Newsfeed: Home Prices Crash At Fastest Pace Since Lehman Bankruptcy

By Tyler Durden via ZeroHedge

The housing market is finally getting unglued: less than a week after Case Shiller (which reports home prices with a substantiakl laga) reported the first negative monthly change in home prices…

… today Black Knight confirmed that the US housing market has turned decidedly ugly with the two biggest monthly declines since the global financial crisis.

According to a Monday report from mortgage-data provider, median home prices fell 0.98% in August from a month earlier, following a 1.05% drop in July.

The two periods marked the largest monthly declines since January 2009. In fact, at the current pace of declines, we may soon see a record drop in home prices, surpassing the largest historical slide hit during the global financial crisis.

The report noted that July and August 2022 mark the largest single-month price declines seen since January 2009 and rank among the eight largest on record.

“The Black Knight HPI for August marked the second consecutive month that prices pulled back at the national level, with the median home price now 2% off of its June peak,” said Graboske. “Only marginally better than July’s revised 1.05% monthly decline, home prices were down an additional 0.98% in August. Either one of them would have been the largest single-month price decline since January 2009 – together they represent two straight months of significant pullbacks after more than two years of record-breaking growth. The only months with materially higher single-month price declines than we’ve seen in July and August were in the winter of 2008, following the Lehman Brothers bankruptcy and subsequent financial crisis.

The report also noted that the monthly rate of home price decline is now rivaling that seen during the Great Recession – the question is how long it will continue to do so, and how far off peaks prices will fall.

Separately, the August report also found that after rising sharply from May through July, for-sale inventory levels stalled in August, growing at just 1/10th the rate of recent months, as sellers appeared to take a step back from the market, perhaps waiting for mortgage rates to plunge as the recession arrives.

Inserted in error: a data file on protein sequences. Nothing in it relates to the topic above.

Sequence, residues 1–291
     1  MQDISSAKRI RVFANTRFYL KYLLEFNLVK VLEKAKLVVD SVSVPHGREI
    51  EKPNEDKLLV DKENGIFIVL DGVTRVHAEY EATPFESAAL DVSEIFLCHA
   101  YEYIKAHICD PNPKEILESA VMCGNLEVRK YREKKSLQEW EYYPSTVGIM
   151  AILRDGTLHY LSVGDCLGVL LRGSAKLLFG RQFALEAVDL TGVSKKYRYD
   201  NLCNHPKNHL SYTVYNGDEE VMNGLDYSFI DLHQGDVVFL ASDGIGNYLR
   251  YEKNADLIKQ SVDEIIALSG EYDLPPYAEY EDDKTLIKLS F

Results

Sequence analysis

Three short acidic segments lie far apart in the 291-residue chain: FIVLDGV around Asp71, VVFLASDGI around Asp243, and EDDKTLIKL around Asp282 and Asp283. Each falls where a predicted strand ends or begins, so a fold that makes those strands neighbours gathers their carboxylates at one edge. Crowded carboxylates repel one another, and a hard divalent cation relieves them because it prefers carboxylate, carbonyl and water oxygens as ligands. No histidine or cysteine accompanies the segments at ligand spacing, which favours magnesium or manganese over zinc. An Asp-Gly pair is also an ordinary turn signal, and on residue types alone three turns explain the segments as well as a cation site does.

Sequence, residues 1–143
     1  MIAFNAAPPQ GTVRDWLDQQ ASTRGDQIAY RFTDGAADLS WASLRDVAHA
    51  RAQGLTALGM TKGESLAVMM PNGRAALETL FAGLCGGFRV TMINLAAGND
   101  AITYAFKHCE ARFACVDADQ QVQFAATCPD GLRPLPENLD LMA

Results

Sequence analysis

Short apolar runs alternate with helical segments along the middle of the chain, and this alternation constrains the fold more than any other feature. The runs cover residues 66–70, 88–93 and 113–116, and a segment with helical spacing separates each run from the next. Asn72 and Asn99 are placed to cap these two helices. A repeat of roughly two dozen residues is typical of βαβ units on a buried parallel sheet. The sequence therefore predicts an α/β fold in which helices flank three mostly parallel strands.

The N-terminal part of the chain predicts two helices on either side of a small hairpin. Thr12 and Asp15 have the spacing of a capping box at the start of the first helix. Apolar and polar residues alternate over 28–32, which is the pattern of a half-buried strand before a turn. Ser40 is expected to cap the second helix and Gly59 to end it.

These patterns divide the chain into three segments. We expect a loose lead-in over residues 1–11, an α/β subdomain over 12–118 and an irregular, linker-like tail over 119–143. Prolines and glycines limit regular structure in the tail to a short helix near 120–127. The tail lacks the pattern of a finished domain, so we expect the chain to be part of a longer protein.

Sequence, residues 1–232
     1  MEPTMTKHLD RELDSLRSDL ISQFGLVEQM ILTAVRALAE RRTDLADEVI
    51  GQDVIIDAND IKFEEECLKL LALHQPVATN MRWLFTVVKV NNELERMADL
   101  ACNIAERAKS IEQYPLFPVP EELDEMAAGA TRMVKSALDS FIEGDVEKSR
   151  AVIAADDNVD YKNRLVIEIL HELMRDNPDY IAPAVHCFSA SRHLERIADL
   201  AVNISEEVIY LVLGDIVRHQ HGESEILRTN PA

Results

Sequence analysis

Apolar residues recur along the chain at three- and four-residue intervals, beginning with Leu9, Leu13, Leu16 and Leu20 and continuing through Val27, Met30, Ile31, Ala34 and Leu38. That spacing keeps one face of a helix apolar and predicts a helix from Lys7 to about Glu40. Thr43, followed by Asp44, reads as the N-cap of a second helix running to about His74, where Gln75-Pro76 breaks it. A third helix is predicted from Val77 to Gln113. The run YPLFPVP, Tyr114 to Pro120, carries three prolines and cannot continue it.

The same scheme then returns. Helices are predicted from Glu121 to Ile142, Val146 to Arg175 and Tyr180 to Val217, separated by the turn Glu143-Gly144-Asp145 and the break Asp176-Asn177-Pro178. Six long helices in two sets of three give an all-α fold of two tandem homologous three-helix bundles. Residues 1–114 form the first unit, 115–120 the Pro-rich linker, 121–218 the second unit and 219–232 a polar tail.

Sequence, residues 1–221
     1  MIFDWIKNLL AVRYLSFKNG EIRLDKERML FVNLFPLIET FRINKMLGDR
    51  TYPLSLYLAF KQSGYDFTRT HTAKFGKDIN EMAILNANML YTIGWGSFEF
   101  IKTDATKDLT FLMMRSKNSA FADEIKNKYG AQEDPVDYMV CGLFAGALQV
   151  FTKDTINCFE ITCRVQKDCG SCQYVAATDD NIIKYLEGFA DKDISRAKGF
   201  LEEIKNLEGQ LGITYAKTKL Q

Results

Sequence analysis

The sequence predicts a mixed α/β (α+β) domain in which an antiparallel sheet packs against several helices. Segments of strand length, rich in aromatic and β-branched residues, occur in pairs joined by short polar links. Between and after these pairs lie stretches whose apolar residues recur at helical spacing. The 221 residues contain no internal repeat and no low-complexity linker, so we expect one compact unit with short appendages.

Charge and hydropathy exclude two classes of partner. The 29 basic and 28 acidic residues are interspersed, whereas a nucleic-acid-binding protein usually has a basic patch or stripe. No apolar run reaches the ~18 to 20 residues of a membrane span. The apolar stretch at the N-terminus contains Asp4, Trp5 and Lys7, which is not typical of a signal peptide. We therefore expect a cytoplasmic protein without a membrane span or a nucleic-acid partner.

The national inventory deficit held relatively steady at -44%, with the market remaining more than 600K listings short as compared to pre-pandemic levels. For its part, Black Knight suggests that sellers are likely being deterred by both falling demand and prices, along with a growing disincentive to give up historically low interest rate mortgages in a sharply rising rate environment.

That said, and as is the case with Case Shiller, while prices are falling on a month-over-month basis, they’re still significantly higher than a year earlier when the buying frenzy was just getting started: In August, home prices were 12.1% compared to a year ago, if sharply lower from the 20% Y/Y change hit earlier this summer.

The sharpest correction in August was in San Jose, California, down 13% from its 2022 peak, followed by San Francisco at almost 11% and Seattle at 9.9%, the company said.

Yet as home prices tumble, there are no surprises in the list of most affordable housing markets, where the usual suspects – those cities where a walk down a street almost guaranteed a gunshot wound – dominate: St Louis, Detroit and Kansas City.

Alternatively, while prices may have dropped, the three most unaffordable MSAs remain on the west coast: Sacramento, Seattle and Riverside.

Full Black Knight report – Monday report

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